It was a pleasure to co-sponsor the Pacific Biosciences user group meeting in Baltimore this week. Based on our participation at the same event last year, we had high expectations for it — but even these were surpassed by the quality of speakers, number of attendees, and excellent presentations.
Naturally, the vast majority of talks focused on using the uniquely long reads generated by Single Molecule, Real-Time (SMRT®) Sequencing to do all sorts of interesting projects that can’t be accomplished with short reads. Luke Tallon from the University of Maryland and Adam Phillippy from the National Biodefense Analysis and Countermeasures Center spoke about microbial genomics, Cold Spring Harbor’s Dick McCombie presented work in yeast and plants, and human genome studies were reported by Ali Bashir at the Icahn Institute for Genomics and Multiscale Biology and Tina Graves-Lindsay at Washington University. Other speakers covered more recent applications of SMRT Sequencing, such as metagenomics, full-length isoform sequencing, methylation analysis, and more.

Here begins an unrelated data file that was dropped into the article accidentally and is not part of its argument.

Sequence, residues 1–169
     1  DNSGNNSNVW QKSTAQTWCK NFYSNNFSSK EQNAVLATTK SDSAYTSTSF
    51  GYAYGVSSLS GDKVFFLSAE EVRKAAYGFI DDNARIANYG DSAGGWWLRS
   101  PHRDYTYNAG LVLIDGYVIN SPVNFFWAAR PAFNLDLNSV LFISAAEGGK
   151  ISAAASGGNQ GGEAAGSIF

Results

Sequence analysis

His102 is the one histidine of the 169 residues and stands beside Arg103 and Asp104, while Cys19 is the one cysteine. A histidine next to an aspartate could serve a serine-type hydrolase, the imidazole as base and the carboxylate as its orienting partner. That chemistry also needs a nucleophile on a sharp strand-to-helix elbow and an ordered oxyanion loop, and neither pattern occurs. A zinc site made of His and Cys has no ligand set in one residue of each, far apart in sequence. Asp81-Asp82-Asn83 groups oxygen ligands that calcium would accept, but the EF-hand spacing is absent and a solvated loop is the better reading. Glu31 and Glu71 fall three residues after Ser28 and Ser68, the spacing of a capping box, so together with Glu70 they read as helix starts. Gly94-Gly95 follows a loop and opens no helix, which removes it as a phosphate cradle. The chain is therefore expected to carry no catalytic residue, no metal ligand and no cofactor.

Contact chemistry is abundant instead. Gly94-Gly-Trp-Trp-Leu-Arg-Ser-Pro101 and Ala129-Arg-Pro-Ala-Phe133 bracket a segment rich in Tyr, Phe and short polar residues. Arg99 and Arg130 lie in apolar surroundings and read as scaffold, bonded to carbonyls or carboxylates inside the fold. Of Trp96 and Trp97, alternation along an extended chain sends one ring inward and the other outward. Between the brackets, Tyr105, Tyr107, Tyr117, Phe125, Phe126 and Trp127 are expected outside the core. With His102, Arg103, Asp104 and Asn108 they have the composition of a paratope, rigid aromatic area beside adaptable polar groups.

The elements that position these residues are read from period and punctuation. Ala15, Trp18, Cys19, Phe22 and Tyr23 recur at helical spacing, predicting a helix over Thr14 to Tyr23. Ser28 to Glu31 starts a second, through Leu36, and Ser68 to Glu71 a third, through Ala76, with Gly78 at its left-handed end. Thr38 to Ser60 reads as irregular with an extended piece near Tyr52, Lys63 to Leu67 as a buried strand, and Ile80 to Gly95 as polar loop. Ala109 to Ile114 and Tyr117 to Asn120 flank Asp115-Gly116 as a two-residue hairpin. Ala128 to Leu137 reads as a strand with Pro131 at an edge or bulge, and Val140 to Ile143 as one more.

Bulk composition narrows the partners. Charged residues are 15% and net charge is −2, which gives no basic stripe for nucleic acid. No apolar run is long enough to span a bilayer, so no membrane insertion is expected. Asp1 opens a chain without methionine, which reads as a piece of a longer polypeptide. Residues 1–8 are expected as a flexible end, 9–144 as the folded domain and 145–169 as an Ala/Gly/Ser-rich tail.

At this meeting last year, we were delighted to have a couple of speakers mention our automated BluePippin size selection tool, which can be used with the PacBio platform to filter out smaller DNA fragments; this allows the sequencer to focus on long fragments, increasing efficiency and average read length. This year, it was a tremendous honor to find that nearly every speaker mentioned using BluePippin. We had that and the new SageELF whole-sample fractionation tool on display at the user group meeting, and we were bowled over by how many attendees came by to check them out. This group kept us on our toes!
It was also great to hear that BluePippin users are already anticipating how they might use the SageELF in their SMRT Sequencing workflows. Some speakers mentioned the possibility that whole-sample fractionation could be used to capture plasmids and other small parts of an organism’s accessory genome that could otherwise be filtered out by the high-pass protocol. We’re eager to see how that and other applications could make these remarkable research efforts even better.